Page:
downtime upgrade of the of the dais platform components again this is really important and something that you know we take very seriously the sort of operational hardening of how dais actually works in the real world now some potential gotchas um we’ve noticed NF conntrack can be a problem at high scale so and if contract is essentially the Linux kernel doing network connection tracking for things like IP tables there is a limit to how many active connections can be tracked and and oftentimes you’re going to need to bump that tunable we bump it by default and the core OS boxes that we ship but you’re going to want to watch out for that another is long-lived sessions I had a conversation last night with some folks on the engine X team and if you’re not careful with your TCP sessions if you leave your TCP connections open you can actually leaked workers using the engine X off reload feature so you really need to be careful that if you’re using soft reloads you’re actually closing connections every once in a while or having those connections time out due to inactivity otherwise it can be a big problem and one of the biggest things that can bite you if you’re using this is just generally compte and engine X is inconsistent template output or more specifically i dint template output if every single run of compte results in a slightly different ordering of you know the config file coffee is going to be sick upping the engine X process when nothing actually changed it’s just that you’re iterating over a map and the map is sorted differently every time and that results in basically you sick helping everything you know way too often so if you’re going to use this approach make sure that your template output is consistent every time and watch this engine x.x logs so I got a few minutes left here I want to talk a little bit about how Deus scales I’m more broadly so plus your schedulers are a thing this is how distributed systems work now you can generally know a cluster scheduler by a few common patterns they typically have declarative interfaces I want to run this many things they also have placement constraints things like I want these workloads to run on these hosts on they feature things like affinities and anti affinities as well and interfaces for services service jobs and batch jobs batch jobs being a job that runs to completion and returns and exit code service jobs being long-running Johnson now for deus it was really important for us that we choose a scheduler that was resource aware that had host constraints we want to pin stuff to specific host for example engine X should be on these three boxes that are connected to a special network as well as things like Co scheduling soft aunty affinity to spread out workloads 4-h a placement in global scheduling global scheduling being the ability to schedule something and have it running on all boxes it’s very useful pattern for sort of management and agent agent style architectures so there’s a few options out there that support scheduling docker natively you know fleet obviously is what we use today docker swarm is making some good strides mezzos is obviously the battle-tested solution and then those Kuber Nettie’s and you know what we found is that kuber Nettie’s actually strikes the right balance of light weight while also providing you know a good broad feature set you know that that meets our selection criteria so I want to talk for a moment about Cooper Nettie’s how many in the audience are familiar with Cooper Nettie’s how many of you used it okay a good amount of you so what does Gerber Nettie’s it’s an open source system for managing containerized apps basic mechanisms for deployment maintenance can’t and scaling on this is direct from from their read me now benetti’s is really a really useful building block for building plier order orchestration systems and that’s you know what we’re using it for you so it features some core concepts I’m not going to go through these in great detail but a cluster is a cool of nodes pods are this idea of sort of a grouping of containers that run across a distributed system replication controller is this idea of I want a certain speck of a container but I want a certain number of copies of those spread across the cluster services are what you expose inside the cluster for inter-cluster intracluster communication and service discovery and labels are a way of loosely organizing you know a metadata inside the cluster so some some very powerful concepts now some of the some of what makes q burnett is unique kuber Nettie’s unlike a docker swarm for example also unlike nasos features shared namespaces so you know you when you run a container inside of Coober Nettie’s it actually creates a shared namespace where you actually run multiple containers a pod and all those things share you know a network name space of a mountain namespace and they’re really volumes and things like

that secrets things like that it’s a very different model and a very powerful model for things like atomic scheduling there’s also this pod and service networking model for those of you who may have come across Cooper Nettie’s in the past one of the things that immediately turns folks off is Oh like I need to run an overlay network to make this thing work or I need to assign a subnet to every host in the cluster well there’s a reason for that the reason is that every network every pod that gets scheduled on to a kubri Nettie’s host gets its own IP address and that makes it routable uniquely across the cluster and it’s really powerful construct because you end up getting to move away from this port brokering you know a world where you’re dynamically exposing a port that gets mapped and you late bounds to you know your engine X web server that you’re on gets bound to 49 153 and you have to figure out oh well that’s the port but really what I wanted was a tea and so how do I actually publish that to everything that needs to know that it’s on this new weird port well if you have a namespace and the container binding to its own address it can do a listen on whatever port it wants and that really dramatically simplifies service discovery inside the cluster allows for things like I’m DNS based service discovery and and everything just kind of works you do pay the price for for you know complexity on platforms that don’t support you know container per IP natively but most most cloud providers are getting around to this and if you control your own gear this isn’t a problem there’s also solutions like we’ve flannel and project calico that offer solutions for this as well biggest thing that makes q burnett is unique though is the Borg and Omega team it’s very clear to someone like myself who’s done a good deal of research on on cluster scheduling that the folks who actually worked on Borg and Omega are the ones working on the Cuban Eddie’s team you see you know the reconciliation pattern you know applying a desired state and current state you know the whole idea of not using port brokering was actually a lesson that they learned inside of Google and applied to Cooper Nettie’s which is probably best viewed as a rewrite aboard their internal cluster manager so very very unique project and there’s a lot to a lot to like about it so why would you use dais and communities together right that’s really really interesting question and I want to walk you through a quick example of deploying immediate meteor app using rock uber Nettie’s so it kind of starts like this I’m step one you build a docker image right and you know this assumes that your developers have docker loaded on their on their laptop they get da car engine running but they know how to build a docker image ever you have docker files for everything but not that part right step two is you got to ship the image right you got to move it to a registry now one of the things you quickly learn if you’re operating these systems and production is you don’t actually want to go to da crib or clay or somewhere else you know some third-party to pull your images you need a local registry that’s cache of your images local to the cluster otherwise everything’s going to be too slow so you gotta stand up a register you know it’s kind of tricky to someone up and maintain it but it but it’s doable and the last thing is you got to run um you know the application build ship run right and so for Cooper Nettie’s you got to create a replication controller which is how many of these things you want to stamp out I mean you create a service which is how how you want to expose this and those commands are pretty simple right what what you do have to do those you actually got right out the definitions for these files and I was actually in a talk to Kelsey was giving earlier about some of the someone asked you know how do you actually write these files and you know I guess the answer was more or less very carefully um you know you got to be extremely careful with this it’s not just this it’s the service Jason and by the way these are the Jason representations they’re easier to write in yamo if you have to worry about the commas and semicolons but there’s still a lot of kind of a human error here in writing this this stuff so rock uber Nettie’s can be a little frustrating if you’re trying to bring this to a software team and say hey write this kind of arcane syntax now I expect that will get easier over time and there will be less of a problem but right now dais offers a pretty good answer for this a Heroku style CLI that actually translates this stuff into those manifest files so you get all the benefits of Coober Nettie’s declarative orchestration but you don’t actually but you get an imperative workflow for developers who are more comfortable with that comma so we feature Heroku style CLI experience a build server that allows you to do get pushed deploys though those are actually optional you can ship bra docker images directly into the platform too if you have a CI CD process cluster local artifact storage using backed by Seth on the cluster container I set extremely important for real world deployments an engine X router mesh that features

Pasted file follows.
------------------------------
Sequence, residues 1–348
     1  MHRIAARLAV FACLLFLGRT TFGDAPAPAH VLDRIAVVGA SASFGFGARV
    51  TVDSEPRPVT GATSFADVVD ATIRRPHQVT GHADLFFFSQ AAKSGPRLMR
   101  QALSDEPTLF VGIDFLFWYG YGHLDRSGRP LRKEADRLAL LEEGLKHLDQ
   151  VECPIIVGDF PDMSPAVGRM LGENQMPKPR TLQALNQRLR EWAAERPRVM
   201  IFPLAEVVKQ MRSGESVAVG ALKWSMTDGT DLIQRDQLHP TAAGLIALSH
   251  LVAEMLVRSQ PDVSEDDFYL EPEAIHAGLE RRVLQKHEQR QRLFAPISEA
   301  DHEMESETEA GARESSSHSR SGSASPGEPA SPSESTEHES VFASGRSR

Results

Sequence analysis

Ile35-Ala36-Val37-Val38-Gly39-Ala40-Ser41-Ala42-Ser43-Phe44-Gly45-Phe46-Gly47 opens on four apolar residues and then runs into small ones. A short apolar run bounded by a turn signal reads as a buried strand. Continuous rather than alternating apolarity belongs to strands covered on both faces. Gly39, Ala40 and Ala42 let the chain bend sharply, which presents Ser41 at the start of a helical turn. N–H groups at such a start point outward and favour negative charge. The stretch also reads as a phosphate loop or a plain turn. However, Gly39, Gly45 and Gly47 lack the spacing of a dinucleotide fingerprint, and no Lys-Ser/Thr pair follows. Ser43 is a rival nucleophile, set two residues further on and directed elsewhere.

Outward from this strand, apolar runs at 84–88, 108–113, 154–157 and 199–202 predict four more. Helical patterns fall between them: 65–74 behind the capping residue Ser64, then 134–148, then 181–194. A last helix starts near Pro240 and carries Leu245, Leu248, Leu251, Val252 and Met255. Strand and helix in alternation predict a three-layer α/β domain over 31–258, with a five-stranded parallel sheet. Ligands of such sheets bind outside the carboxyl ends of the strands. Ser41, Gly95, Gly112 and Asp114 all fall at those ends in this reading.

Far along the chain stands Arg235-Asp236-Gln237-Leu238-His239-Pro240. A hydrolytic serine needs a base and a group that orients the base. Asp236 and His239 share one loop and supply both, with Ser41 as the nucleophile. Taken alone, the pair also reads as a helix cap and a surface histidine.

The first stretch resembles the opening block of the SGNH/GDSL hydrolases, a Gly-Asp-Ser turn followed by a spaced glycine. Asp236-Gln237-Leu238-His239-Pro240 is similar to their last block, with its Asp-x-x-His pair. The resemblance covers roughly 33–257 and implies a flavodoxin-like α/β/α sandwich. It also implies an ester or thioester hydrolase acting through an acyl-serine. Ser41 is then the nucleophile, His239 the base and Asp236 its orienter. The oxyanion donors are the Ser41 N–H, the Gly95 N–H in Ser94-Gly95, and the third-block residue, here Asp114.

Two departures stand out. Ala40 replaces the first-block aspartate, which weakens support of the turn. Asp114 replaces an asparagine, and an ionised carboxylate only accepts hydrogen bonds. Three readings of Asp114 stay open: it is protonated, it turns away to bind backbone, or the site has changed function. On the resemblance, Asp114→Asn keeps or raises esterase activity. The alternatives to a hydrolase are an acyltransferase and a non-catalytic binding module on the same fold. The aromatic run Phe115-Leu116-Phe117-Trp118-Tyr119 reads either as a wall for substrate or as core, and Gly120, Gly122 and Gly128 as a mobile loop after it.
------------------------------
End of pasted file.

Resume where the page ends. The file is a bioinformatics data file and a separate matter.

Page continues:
things like custom see names and TLS which are extremely important for real world deployments as well as a whole complement of operations ready features log routing aggregation configurable syslog drains via one command user management with ldap and Active Directory Integration all the bells and whistles you need to actually put this thing into product so steps 1 through 3 with dais dais create meteor get push dais master uses the bill back to build everything ship it to the local store and then day a scale web y b equals 2 because we actually don’t support scale on deploy although i suppose we could um but this is a lot more palatable to most folks i was going to do a demo we’re getting out of time here so i’ll actually like to talk just quickly about a couple other things what’s next for the dais project the biggest thing we’re doing is right now dais actually sits outside of Coober Nettie’s and dace itself runs on fleet on core OS and schedules out to an external kubernetes cluster that’s how we support things like mezzos stock or swarm is you know we haven’t essentially picked orchestration system to replat form on well guess what we picked we’re going to be re platforming on cooper Nettie’s rebasing the entire system so there is in a branch you can see on github now dais itself running on top of Coober Nettie’s scheduling back to Coober Nettie’s which is a really nice way to you know run for example on gke or core OS on AWS some of the things we’re working on an engine next cooper Nettie’s load balancer integration there’s active work going on in the communities community to make load balancing a first class citizen in the platform and we are helping drive that effort inside of the kubernetes community to make sure that engine X works extremely well as an edge load balancer inside of Coober Nettie’s world now one of the things we’re exploring we haven’t yet decided you know in a perfect world engine X would be completely API driven for configuration be able to create new up streams all those crazy tunable zai showed you turning on h st s you know that should be an API call right but we’re not in that perfect world i understand it takes a while you know to get there so in the meantime what we’re looking at doing is is there a way we can do some cougar Nettie’s native backends in memory via some kind of third-party modules so if any of your working on kuber Nettie’s and are interested in this effort please come reach out to me we’re looking for for to kind of get a group of people on to help work on making engine X plus Q brunette ease extremely extremely good fit so last thing I’m going to talk about here we have an open road map and planning process date is kind of unique as far as I can tell so we have a meeting once a month where we basically share the road map with everyone we walk through what people are looking for and we have very high turnout on these calls typically and it’s a good chance for folks to voice their concerns about where the project is going and you know push their pet pull requests and things like that so that’s the first thursday of every month so with that want to thank you all for having me here today thanks everyone and open it up for questions anyone have any questions true I’m sorry okay okay the question is the shifting to Coober Nettie’s mean dropping the maze of support and the answer is no in fact we’re working very closely with the folks over at mesosphere on the only difference is that in order for us to to get a really solid mais les integration we would have to write our own framework it turns out marathon does too much basically for free Deus um guess what there’s a really great framework out there that does exactly what Deus needs it’s called the crew benetti’s framework so we’re just going to build on top of that and help contribute to that effort going forward so we’re also working with the folks over there on a DCOs plugin so it can be getting days up and running on D cos can be as simple as DC OS installed Deus great other questions no all right thanks everyone